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Music & Peacebuilding
53 minutes | 14 days ago
Narratives of Trauma and Transcendent Hope with Tyné Angela Freeman
Tyné Angela Freeman’s work spans songwriting, ethnomusicology, recording, and authorship. This podcast explores her album and text by the title of “The Sky is Deeper Than the Sea” to discuss questions of trauma, transcendent hope, history, love and resilience. We also explore her earlier work of cross-cultural bridge-building and her research on Mamie Smith. Resting on a profound belief in hope, Freeman explores the reconciliation of traumatic histories through evocative approaches to story and time.
55 minutes | 2 months ago
Collaboration, Belonging, and Dignity in Choral Contexts with Renae Timbie, CMT Pt. 3
This podcast explores notions of dignity, home, identity and collaborative music making with Renae Timbie. As the third and final podcast in a series on Compassionate Music Teaching, Karin Hendricks writes that Renae Timbie has an “instinctual ability to connect deeply with people no matter who they are, and no matter their worldview.” This podcast enters that conversation with Timbie, exploring her work with multicultural and refugee choirs and the search for home and identity across diverse cultures.
37 minutes | 2 months ago
CMT Part 2 - Empathy, Joy and Samba Reggae with Marcus Santos
This 2nd of the Compassionate Music Teaching Series explores Afro-Centric musical traditions, Samba Reggae, and the importance of empathy in music teaching and learning with Marcus Santos. Santos is a native of Bahia, Brazil who commits his life to the study, teaching, and performance of Afro-Brazilian music and heritage. His network titled, Grooversity has built from traditions of Samba Reggae performance as a time-space for social change. As an episode of laughter, joy, and curiosity this episode explores the embodied joy and empathetic practice of Marcus Santos as is profiled by Karin Hendricks’ book Compassionate Music Teaching.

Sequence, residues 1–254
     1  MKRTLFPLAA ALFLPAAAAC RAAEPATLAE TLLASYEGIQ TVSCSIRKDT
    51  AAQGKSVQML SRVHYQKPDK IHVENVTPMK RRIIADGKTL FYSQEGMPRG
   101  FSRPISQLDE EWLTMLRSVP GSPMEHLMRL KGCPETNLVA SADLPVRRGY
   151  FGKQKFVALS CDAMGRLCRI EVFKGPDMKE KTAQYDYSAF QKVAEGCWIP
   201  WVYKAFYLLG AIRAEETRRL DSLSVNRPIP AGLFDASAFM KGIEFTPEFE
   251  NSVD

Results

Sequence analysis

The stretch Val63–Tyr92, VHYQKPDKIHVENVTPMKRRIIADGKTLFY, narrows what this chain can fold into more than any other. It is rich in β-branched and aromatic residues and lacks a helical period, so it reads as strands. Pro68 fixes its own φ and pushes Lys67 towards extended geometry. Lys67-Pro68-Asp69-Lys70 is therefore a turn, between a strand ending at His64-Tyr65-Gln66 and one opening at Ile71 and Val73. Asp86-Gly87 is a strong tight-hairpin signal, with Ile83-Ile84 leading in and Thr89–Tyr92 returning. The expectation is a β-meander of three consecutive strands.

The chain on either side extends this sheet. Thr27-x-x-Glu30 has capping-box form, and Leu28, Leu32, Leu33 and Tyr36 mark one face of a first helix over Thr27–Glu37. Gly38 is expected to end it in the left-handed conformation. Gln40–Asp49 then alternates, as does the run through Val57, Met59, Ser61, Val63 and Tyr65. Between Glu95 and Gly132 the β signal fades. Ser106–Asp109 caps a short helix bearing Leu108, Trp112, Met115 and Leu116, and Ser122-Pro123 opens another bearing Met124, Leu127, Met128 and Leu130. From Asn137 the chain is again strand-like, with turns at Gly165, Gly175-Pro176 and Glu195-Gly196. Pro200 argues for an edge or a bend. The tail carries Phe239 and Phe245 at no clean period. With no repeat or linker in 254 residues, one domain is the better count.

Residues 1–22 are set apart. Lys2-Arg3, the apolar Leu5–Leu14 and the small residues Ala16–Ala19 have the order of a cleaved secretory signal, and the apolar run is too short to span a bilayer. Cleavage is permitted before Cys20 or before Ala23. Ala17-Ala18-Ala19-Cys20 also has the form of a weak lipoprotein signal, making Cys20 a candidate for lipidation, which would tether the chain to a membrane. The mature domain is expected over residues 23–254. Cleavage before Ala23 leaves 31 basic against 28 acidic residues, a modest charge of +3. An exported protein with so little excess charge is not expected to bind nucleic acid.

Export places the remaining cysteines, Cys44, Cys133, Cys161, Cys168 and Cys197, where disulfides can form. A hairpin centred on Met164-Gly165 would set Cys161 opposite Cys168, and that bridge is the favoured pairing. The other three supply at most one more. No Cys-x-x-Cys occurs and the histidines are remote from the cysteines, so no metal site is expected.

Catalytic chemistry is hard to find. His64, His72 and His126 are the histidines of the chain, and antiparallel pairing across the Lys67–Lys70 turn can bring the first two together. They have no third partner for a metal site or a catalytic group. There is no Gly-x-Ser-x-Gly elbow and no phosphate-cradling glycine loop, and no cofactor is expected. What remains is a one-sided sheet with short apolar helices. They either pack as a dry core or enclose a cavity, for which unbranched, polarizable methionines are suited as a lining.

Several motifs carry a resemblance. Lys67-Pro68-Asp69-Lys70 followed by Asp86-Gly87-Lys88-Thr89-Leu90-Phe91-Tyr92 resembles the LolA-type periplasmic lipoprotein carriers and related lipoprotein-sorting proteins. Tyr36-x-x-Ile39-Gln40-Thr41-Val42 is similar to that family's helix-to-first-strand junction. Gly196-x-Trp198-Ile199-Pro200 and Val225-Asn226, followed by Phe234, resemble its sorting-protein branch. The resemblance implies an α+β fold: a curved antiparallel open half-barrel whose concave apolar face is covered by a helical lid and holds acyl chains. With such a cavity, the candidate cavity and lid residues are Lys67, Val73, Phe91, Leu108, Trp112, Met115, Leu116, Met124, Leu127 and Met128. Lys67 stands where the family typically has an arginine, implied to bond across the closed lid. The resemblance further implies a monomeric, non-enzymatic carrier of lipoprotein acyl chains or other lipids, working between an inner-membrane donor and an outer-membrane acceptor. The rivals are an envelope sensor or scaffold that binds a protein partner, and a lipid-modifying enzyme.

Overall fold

43 minutes | 3 months ago
Compassionate Music Teaching with Karin Hendricks Part 1/3
This episode is the first of a three-part series exploring Dr. Karin Hendricks’ book on Compassionate Music Teaching. In this series, we will follow the profiles within the book to encounter lived practices of relationship, identity, community, voice, empathy, and dignity in music education. In this first episode, we explore Hendricks’ research on Suzuki, Steve Massey’s legacy of community, music, and leadership, Brian Michaud’s joy and curiosity, and the patient question-driven instruction of Dorothy Delay. This episode also contains a special treat with a tribute by Wynton Marsalis in honor of Steve Massey.
55 minutes | 3 months ago
Son Jarocho, Community, and Liberatory Imagination: An Interview with Martha Gonzalez
Imaginations in peacebuilding and the arts are seen as almost a universal good. This podcast episode adds complexity, exploring how imaginations of a “modern” Mexico led to indigenous persecution and how imaginations of fame and prestige may be destructive to relationship. In contrast, Martha Gonzalez of Grammy-nominated Quetzal, explores liberatory imaginations of community, belonging, and women’s testimonio within the fully embodied, communal practice of Fandango and Son Jarocho. Exploring indigenous relationality, Fandango Fronterizo, and Chicana feminist scholarship, this conversation opens new perspectives of activism.
2 minutes | 4 months ago
Season 2 Trailer
After a much-needed break, we are excited to announce the launch of Season 2! In season 2 we explore new questions about cultures of transformative healing with ethnomusicologists, musicians, educators, and peacebuilders. Join us as we explore episodes on Balinese Gamelan, Compassionate Music Teaching, Building Bridges of Storytelling, and much more!
42 minutes | 10 months ago
The Embodied Poetry of Ritual and Symbol in Transformative Space
This final episode of season 1 explores ritual, symbol, and peace building with Dr. Lisa Shirch. Dr. Shirch is senior research fellow for the Toda Peace Institute, Senior Fellow with the Alliance for Peacebuilding, and Visiting Scholar at George Mason University’s School for Conflict Analysis and Resolution. We explore the “rationality” of ritual, the power of symbol and transformative space, and the dark side of ritual when it is used for xenophobia and hate.